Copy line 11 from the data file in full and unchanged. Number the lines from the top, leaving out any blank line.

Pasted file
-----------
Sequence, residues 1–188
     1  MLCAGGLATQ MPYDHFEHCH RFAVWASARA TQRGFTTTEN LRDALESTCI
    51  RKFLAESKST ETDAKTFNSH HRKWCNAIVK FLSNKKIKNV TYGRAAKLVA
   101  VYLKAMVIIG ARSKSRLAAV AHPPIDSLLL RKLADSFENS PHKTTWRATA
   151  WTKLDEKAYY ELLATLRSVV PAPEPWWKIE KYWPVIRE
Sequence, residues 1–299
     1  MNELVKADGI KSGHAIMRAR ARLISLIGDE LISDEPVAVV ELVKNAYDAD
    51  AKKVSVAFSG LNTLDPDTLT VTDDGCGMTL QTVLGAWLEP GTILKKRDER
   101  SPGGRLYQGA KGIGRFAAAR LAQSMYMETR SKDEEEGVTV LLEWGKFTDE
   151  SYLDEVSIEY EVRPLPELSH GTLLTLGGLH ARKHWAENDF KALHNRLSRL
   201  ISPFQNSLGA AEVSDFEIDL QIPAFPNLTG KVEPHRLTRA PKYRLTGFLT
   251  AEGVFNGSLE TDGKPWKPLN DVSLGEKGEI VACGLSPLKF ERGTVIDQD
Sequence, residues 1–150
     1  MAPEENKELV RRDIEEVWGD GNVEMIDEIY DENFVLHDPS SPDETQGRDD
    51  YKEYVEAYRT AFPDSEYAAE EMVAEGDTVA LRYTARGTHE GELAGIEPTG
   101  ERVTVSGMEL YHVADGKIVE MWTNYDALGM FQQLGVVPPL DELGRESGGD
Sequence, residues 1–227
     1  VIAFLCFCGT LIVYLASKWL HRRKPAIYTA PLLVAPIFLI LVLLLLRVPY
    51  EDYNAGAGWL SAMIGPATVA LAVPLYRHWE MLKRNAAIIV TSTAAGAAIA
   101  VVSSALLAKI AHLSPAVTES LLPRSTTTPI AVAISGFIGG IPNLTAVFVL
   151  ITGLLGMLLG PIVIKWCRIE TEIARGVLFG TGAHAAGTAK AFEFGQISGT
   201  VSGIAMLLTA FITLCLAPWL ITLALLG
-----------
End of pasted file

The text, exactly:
   201  ISPFQNSLGA AEVSDFEIDL QIPAFPNLTG KVEPHRLTRA PKYRLTGFLT